Oregon Youth Outdoor Day

Fishing at Oregon Youth Outdoor Day

Fishing at Oregon Youth Outdoor Day

Nothing warms my heart more than when I have the opportunity to watch a child’s smile grow as they discover the great outdoors. This past weekend, I had that opportunity when I attended the 11th Annual Oregon Youth Outdoor Day at E.E. Wilson Wildlife Area with my family, together with the families of 750 other children.

For $5.00 a person, participants were allowed to wander from station to station and learn about a variety of outdoor activities, including:  shooting sporting clays, archery, rock wall climbing, predator calling, waterfowl calling, wood duck box construction, birdhouse and bird feeder construction, fishing, casting, GPS use, duck decoy paining, elk calling, laser BB shooting, wilderness survival, dog training, fly tying and fly casting, amongst many other outdoor activities.

The event is a great place to meet new friends with common interests.

The event is a great place to meet new friends with common interests.

Although the event is geared toward first-timers, it was a the perfect refresher for the experienced outdoors kid, as well.

Registration provides a day full of fun for each youth, a backpack to carry all their gear, a t-shirt, and lunch. In all my years of outdoors education, I have yet to find another event that offers so much bang for the buck.  ($5.00 also bought lunch for mom and dad, too).

I want to send a special thank you to all the volunteers, sponsors, and contributors who made this event possible, including:

"Weet Weet" and "Quack Quack".  Participants learn the different types of duck calls.

“Weet Weet” and “Quack Quack”. Participants learn the different types of duck calls.

Without the collaborative efforts of these organizations, the future of our hunting and fishing sports would be in jeopardy.  It is imperative that we continue to work together to expose children to the great outdoors.

Our family has already set the goal of bringing someone new to the event next year, someone who has never experienced what it is like to catch a fish, shoot a gun, or launch an arrow at a target.

Who do you have in your life who should be introduced to the outdoors?  Have you taken the time to do so?  Next time you head out to your favorite lake to cast a line, or up to the mountain to scout, take a first-timer with you and open their eyes to a whole new world!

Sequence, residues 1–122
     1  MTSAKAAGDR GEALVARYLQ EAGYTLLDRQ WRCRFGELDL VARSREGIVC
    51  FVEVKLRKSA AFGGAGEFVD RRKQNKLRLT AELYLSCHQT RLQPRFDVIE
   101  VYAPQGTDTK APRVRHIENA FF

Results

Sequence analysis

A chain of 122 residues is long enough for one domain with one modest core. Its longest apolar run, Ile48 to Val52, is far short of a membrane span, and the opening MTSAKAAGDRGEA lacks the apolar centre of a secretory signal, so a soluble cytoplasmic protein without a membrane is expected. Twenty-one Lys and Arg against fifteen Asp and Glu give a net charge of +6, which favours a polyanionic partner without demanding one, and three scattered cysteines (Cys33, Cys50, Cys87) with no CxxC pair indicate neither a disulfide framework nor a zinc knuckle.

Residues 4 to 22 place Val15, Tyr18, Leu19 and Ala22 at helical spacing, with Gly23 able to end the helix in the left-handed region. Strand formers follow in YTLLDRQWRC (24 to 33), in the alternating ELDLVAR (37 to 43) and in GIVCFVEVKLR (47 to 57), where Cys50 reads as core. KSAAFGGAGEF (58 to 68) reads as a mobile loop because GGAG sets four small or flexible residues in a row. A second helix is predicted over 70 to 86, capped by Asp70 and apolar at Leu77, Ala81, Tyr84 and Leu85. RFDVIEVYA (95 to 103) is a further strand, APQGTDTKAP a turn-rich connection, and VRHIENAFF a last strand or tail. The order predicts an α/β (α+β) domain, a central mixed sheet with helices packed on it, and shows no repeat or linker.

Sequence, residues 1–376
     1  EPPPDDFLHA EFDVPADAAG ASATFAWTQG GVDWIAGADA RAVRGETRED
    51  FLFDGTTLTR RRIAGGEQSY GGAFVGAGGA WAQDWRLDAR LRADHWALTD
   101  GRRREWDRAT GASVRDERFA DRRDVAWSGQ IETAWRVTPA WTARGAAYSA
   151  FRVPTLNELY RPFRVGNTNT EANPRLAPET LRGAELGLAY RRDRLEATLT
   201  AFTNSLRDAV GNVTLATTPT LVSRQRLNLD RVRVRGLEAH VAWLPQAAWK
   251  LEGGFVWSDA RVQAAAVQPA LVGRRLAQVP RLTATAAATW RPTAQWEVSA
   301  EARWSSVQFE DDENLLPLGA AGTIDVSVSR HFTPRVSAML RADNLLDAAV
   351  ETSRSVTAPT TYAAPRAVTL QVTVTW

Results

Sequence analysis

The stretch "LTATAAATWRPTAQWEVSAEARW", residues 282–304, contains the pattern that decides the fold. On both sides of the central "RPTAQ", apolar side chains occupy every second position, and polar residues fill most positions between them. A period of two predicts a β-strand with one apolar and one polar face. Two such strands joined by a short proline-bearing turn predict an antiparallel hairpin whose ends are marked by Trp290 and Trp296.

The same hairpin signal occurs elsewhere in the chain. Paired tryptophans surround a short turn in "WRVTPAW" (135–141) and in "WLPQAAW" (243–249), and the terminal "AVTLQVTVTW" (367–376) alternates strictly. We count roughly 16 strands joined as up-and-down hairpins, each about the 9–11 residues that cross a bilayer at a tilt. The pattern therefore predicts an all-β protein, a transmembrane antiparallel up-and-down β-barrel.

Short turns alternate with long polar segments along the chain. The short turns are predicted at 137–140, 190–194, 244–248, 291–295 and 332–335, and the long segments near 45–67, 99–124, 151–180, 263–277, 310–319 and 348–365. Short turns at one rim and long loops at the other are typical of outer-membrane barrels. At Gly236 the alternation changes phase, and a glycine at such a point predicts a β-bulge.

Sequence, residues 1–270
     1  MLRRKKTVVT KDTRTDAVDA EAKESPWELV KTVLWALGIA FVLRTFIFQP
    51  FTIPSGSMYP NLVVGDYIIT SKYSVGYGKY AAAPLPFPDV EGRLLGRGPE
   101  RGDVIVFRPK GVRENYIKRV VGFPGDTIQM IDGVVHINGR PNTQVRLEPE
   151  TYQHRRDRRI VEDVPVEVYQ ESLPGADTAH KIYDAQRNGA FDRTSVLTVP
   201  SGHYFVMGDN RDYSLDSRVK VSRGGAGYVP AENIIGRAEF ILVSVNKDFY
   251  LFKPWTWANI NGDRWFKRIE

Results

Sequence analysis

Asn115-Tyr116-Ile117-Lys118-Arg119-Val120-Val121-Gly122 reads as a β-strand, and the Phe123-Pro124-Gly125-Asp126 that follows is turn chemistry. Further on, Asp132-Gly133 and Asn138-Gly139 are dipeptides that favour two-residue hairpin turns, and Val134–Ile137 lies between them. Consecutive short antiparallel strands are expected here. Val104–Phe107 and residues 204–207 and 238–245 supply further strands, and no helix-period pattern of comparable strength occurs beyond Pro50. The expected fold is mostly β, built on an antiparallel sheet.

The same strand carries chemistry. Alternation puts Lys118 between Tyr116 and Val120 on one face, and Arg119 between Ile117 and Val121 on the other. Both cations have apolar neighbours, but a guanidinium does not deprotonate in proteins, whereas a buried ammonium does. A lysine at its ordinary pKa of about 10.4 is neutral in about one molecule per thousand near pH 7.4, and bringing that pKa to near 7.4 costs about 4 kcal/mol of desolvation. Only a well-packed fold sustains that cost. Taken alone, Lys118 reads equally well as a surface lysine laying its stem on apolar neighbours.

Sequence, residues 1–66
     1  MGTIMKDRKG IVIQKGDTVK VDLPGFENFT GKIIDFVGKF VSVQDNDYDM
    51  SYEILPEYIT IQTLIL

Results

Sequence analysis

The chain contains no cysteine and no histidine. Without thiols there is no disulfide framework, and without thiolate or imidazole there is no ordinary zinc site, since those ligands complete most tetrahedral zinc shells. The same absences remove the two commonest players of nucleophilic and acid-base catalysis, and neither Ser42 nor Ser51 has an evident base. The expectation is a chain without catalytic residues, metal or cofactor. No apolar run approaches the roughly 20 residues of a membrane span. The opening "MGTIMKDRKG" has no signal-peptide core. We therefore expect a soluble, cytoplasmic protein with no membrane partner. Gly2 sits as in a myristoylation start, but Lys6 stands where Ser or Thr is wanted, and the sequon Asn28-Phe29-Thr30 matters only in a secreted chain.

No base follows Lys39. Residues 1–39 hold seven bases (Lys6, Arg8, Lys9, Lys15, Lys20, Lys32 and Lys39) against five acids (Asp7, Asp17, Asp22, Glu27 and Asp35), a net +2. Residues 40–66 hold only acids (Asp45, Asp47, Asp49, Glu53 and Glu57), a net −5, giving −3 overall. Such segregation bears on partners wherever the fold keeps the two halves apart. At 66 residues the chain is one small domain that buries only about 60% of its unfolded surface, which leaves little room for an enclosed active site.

Each child went home with a custom painted duck decoy, compliments of Ducks Unlimited.

Each child went home with a custom painted duck decoy, compliments of Ducks Unlimited.

Participants receive hands on fly casting instruction.

Participants receive hands on fly casting instruction.

Bluegills and Bullfrogs

Taking advantage of blue sky between rain storms, my husband, son and I headed out for a few hours of fishing this afternoon.  My son has repeatedly told me that, “Nothing is more fun than fishing together with family.”  I could not agree more.

Today we were in for a surprise when we reached our favorite bluegill pond; the bullfrogs were out in force!   As I approached the water for my first cast I was startled by a large frog at my feet that had yet to retreat into the water. I have to admit that I jumped a bit from his loud croak and almost fell face first into the pond.  That is not how I wanted to start the day!  Fortunately, I caught myself and was saved of any humiliation.

Bullfrog… Croak!

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I Eat, Therefore I Am

Crawfish anyone?

They say, “You are what you eat.”

Many years ago, while in high school, I reached the age of enlightenment and began to think about the food I was putting in my mouth.  Where did it come from?  How was it harvested? What was in the food I consumed?  Up until that point, the answers were simple.  Food came from the store.

I will never forget the day in Health Studies when we discussed the chemicals and hormones injected into beef.  A friend told me how veal was produced.  I studied how chicken is “plumped up” with water.  I was disgusted and swore I would never eat meat again.  These were the days before “free range” and “organic” were part of everyday American vocabulary.

At that moment I became one of the thousands of carefree young adults joining on the vegetarian bandwagon… with no idea where I was headed. Continue reading